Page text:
Scratching, doing what comes naturally.
"Its simple:, You pick the objects that you want your cat to scratch. Here's how."
Does your furniture have little shreds of fabric hanging from the corners? Does your relatively new area rug look more than a little disheveled? Do your cupboards 'Suffer from telltale claw marks? If so, you need to understand that your cat isn't out to destroy your property - she is merely satisfying her natural urges in the best way she knows how.
Cats scratch objects to remove the sheaths of their nails and to mark their territories. And the stretching or climbing involved in the process is a way to exercise and flex their muscles."lt's important to recognize that scratching is normal behavior," says Ilona Rodan, DVM, of the Cat Care Clinic in, Madison, WI.
The gradual destruction of your belongings may make you want to tear your hair out, but providing your cat with appropriate and desirable scratching areas is a less stress- ful approach for both of you."lt's always easiest to prevent the problem rather than try to fix it," says Dr.Rodan."You accomplish this by training the cat to use proper materials from the start."
First, you need to isolate the type of surface your cat enjoys most. If you find bits of your wall-to-wall pulled from the nap, your cat enjoys scratching carpet. If she's attracted to your dining table legs, she may prefer wood. Other cats may enjoy exercising their options with sisal or cardboard. "Different cats have different preferences," says Dr. Rodan.
Don't expect your cat to automatically appreciate (and use) the first scratching post you provide for her, either. You may need to provide a few different surfaces before finding the best one to guide your cat's behavior.
The Importance Of Mixed Media
To redirect your cat's natural scratching behavior, provide her with a scratching post. The best scratching post for your cat combines different scratching media and has multi-levels on which your cat can claw, climb, and exercise. "An ideal scratching post is mad~ of a variety of materials," says Dr. Rodan.
Getting your cat to use the post may be as simple as placing it in the location she prefers, such as in front of the sofa corners or next to the dining table. "Cats like to stretch and scratch after a good sleep," says Dr. Rodan. Therefore, putting the post near where your cat enjoys napping may be the best location.
Type of Scratching Tells You Something
Does the height or position of the post matter? If your cat has started working on your sofa, she may prefer to stretch vertically."Some cats like vertical surfaces and some prefer horizontal ones,." says Dr. Rodan. The Alpine Scratcher from Cosmic Pet Products (see sidebar) is a corrugated cardboard mat that fits into a slanted frame, which fits the natural contour of a stretching cat. "lt's less costly than other materials," says Dr. Rodan," and your cat can use it as a ramp if getting to a favorite sleeping spot is difficult."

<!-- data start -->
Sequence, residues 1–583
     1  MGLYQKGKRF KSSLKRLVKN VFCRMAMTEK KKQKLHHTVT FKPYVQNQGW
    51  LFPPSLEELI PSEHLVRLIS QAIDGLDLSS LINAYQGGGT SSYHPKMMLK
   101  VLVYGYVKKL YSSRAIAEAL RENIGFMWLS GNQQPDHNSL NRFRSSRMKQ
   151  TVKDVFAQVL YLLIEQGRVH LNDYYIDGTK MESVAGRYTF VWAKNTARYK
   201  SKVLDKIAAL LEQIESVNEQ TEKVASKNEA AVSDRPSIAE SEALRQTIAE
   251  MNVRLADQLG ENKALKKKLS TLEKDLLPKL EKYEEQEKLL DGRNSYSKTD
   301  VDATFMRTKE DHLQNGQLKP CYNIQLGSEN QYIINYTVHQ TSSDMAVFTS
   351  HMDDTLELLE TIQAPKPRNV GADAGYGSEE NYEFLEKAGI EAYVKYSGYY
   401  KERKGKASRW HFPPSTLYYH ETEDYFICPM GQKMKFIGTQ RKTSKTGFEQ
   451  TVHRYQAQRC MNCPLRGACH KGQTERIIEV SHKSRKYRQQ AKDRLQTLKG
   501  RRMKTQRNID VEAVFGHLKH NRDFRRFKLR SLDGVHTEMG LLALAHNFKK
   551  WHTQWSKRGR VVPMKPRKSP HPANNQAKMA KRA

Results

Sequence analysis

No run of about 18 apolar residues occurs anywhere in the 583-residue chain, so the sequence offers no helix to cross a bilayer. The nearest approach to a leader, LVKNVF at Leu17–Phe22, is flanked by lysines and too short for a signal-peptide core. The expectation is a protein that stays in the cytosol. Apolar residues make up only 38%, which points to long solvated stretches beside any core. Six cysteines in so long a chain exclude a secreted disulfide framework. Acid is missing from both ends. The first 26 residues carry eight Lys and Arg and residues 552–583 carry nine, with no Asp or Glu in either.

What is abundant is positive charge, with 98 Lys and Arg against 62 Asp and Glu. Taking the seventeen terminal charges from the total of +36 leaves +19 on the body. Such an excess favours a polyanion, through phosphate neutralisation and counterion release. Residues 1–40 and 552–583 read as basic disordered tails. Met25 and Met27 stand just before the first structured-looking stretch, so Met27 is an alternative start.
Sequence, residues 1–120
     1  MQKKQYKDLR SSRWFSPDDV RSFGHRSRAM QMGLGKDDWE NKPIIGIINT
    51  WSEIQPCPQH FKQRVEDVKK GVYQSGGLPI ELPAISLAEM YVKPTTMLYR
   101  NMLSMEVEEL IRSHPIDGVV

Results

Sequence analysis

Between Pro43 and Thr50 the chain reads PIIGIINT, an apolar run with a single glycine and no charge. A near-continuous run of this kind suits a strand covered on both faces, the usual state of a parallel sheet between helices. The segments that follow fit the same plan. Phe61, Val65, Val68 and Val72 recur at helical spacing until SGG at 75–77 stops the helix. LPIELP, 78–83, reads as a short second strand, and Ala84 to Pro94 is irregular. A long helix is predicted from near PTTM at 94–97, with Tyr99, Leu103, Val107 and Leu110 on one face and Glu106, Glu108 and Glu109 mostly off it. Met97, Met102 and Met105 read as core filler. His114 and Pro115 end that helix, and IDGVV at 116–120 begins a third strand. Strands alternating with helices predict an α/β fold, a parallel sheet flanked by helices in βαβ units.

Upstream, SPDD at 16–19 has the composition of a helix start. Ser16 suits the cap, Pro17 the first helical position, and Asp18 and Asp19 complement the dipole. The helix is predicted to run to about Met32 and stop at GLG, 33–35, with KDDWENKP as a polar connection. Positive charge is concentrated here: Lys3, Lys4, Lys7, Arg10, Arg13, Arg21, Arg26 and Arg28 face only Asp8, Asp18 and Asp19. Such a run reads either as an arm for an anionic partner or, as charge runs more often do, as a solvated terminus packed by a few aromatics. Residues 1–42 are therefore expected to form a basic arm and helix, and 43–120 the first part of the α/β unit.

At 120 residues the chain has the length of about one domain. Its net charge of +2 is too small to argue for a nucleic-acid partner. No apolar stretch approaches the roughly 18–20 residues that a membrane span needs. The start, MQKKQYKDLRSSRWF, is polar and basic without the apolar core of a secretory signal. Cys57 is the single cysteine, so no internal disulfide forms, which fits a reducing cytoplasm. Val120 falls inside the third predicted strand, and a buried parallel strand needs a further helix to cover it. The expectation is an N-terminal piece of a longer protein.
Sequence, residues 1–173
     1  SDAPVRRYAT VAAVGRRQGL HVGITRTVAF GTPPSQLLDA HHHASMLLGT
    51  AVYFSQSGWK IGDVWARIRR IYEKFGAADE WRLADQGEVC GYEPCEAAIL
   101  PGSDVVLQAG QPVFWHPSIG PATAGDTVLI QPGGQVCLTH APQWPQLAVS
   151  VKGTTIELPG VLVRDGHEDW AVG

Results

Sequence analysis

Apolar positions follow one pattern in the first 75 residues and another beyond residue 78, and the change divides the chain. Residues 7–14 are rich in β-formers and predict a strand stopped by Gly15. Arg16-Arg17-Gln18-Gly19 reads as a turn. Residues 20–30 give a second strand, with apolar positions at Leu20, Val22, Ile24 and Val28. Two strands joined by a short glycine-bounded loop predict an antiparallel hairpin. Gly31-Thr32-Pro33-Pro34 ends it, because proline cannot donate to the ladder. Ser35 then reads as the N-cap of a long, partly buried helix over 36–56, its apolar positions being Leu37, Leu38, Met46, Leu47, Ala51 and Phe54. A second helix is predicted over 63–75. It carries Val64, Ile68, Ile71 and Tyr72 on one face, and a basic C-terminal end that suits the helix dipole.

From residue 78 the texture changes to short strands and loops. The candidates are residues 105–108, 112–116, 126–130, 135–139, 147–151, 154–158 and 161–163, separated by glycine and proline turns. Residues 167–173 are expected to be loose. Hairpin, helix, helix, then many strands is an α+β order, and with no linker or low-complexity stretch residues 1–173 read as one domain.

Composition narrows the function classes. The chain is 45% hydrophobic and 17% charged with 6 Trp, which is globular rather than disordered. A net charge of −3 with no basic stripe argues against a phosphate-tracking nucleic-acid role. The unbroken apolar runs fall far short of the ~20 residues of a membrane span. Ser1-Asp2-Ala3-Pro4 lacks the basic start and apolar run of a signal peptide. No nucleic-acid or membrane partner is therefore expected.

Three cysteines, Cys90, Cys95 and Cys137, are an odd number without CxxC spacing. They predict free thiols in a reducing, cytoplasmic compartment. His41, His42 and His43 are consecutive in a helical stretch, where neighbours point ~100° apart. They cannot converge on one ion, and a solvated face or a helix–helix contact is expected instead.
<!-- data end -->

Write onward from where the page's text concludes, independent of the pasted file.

You can make the post interesting by providing a tall one with spaces your cat can curl up in or to jump from one to the other. Tall posts also increase the use of vertical space in your home, "Cats like to be on high perches to oversee what's going on," says Dr. Rodan.
Encourage your cat to use her post by sprinkling some catnip on it, and when you see your cat using it, praise her and offer her treats, "Reward your cat for using the post and the correct scratching surfaces," says Dr. Rodan.
Foiling Your Feline
If FluffY has already targeted your home furnishings, it's important to dissuade her from going back to them. There are many humane ways to keep her from scratching your belongings. Covering the arms of sofas or chairs with aluminum foil or plastic such as Sofa Savers (see sidebar) will keep her from clawing them. An alternative is to cut and attach a plastic rug runner knobby side up to the corners of upholstered furniture. Wrapping table legs in bubble wrap until your cat is accustomed to using her scratching post will protect the table and discourage her continued attraction to it.
Wipe clawed surfaces with an odor neutralizer to remove your cat's scent before applying a protective covering. Double-sided sticky tape may leave a residue on your furniture, so opt for a product like Sticky Paws (see sidebar) to keep your cat from scratching undesirable locations, including digging in plants. "Sticky Paws don't feel bad to the cat, and they're in place ail the time whether the pet caregiver is home or not," says Dr. Rodan.
Avoid Physical Punishment and Scare Tactics
Physical punishment or squirt bottles usually won't help because your cat will learn to scratch your furniture when you're not home or not looking. Booby traps such as stacks of soda cans just traumatize your cat, and may traumatize you in the process.
If you are planning to replace your furniture, opt for items that cats find unappealing, such as velour, faux fur or velvet. Wood-framed furniture is another option. Avoid heavy woven fabrics because they tend to draw cats like a magnet.
Keeping your cat's claws clipped will help keep her from trimming her nails in your couch. Ask your veterinarian to show you how to trim your cat's nails, and teach your cat to have her nails clipped when you first adopt her. "Associate the process with tasty treats and praise," says Dr. Rodan. ~ By Karen Commings.
Inexpensive ways to Satisfy Your Cat's Need to
Scratching posts don't have to be costly to be appealing to cats. Here are some suggestions:
Try these cat-friendly products to help keep your cat from scratching what she shouldn't: